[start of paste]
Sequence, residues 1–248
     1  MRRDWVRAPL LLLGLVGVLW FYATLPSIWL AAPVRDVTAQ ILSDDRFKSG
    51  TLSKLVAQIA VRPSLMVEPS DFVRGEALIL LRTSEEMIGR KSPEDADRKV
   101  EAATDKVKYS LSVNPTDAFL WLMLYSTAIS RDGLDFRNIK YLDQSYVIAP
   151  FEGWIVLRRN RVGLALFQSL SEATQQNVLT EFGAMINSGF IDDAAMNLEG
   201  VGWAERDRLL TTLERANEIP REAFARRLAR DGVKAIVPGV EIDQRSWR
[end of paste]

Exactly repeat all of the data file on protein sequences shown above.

Sequence, residues 1–248
     1  MRRDWVRAPL LLLGLVGVLW FYATLPSIWL AAPVRDVTAQ ILSDDRFKSG
    51  TLSKLVAQIA VRPSLMVEPS DFVRGEALIL LRTSEEMIGR KSPEDADRKV
   101  EAATDKVKYS LSVNPTDAFL WLMLYSTAIS RDGLDFRNIK YLDQSYVIAP
   151  FEGWIVLRRN RVGLALFQSL SEATQQNVLT EFGAMINSGF IDDAAMNLEG
   201  VGWAERDRLL TTLERANEIP REAFARRLAR DGVKAIVPGV EIDQRSWR